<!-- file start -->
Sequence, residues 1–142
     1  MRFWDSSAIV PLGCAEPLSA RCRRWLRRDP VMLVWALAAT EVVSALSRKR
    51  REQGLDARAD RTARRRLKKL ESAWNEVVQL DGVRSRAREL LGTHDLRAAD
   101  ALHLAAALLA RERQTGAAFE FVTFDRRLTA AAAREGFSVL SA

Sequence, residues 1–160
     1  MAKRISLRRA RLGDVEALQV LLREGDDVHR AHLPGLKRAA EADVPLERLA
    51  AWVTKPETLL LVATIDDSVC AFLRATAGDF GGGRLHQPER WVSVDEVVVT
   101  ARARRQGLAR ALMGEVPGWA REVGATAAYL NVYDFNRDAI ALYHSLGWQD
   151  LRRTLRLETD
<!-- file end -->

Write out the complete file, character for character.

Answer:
Sequence, residues 1–142
     1  MRFWDSSAIV PLGCAEPLSA RCRRWLRRDP VMLVWALAAT EVVSALSRKR
    51  REQGLDARAD RTARRRLKKL ESAWNEVVQL DGVRSRAREL LGTHDLRAAD
   101  ALHLAAALLA RERQTGAAFE FVTFDRRLTA AAAREGFSVL SA

Sequence, residues 1–160
     1  MAKRISLRRA RLGDVEALQV LLREGDDVHR AHLPGLKRAA EADVPLERLA
    51  AWVTKPETLL LVATIDDSVC AFLRATAGDF GGGRLHQPER WVSVDEVVVT
   101  ARARRQGLAR ALMGEVPGWA REVGATAAYL NVYDFNRDAI ALYHSLGWQD
   151  LRRTLRLETD